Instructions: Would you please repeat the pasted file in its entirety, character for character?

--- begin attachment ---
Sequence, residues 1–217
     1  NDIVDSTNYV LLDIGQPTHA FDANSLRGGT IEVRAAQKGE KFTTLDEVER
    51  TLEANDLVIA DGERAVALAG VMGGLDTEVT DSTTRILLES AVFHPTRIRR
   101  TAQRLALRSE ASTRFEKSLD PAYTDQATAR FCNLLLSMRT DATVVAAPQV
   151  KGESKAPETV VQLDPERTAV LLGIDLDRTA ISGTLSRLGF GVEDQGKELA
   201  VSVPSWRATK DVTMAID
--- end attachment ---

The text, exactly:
Sequence, residues 1–217
     1  NDIVDSTNYV LLDIGQPTHA FDANSLRGGT IEVRAAQKGE KFTTLDEVER
    51  TLEANDLVIA DGERAVALAG VMGGLDTEVT DSTTRILLES AVFHPTRIRR
   101  TAQRLALRSE ASTRFEKSLD PAYTDQATAR FCNLLLSMRT DATVVAAPQV
   151  KGESKAPETV VQLDPERTAV LLGIDLDRTA ISGTLSRLGF GVEDQGKELA
   201  VSVPSWRATK DVTMAID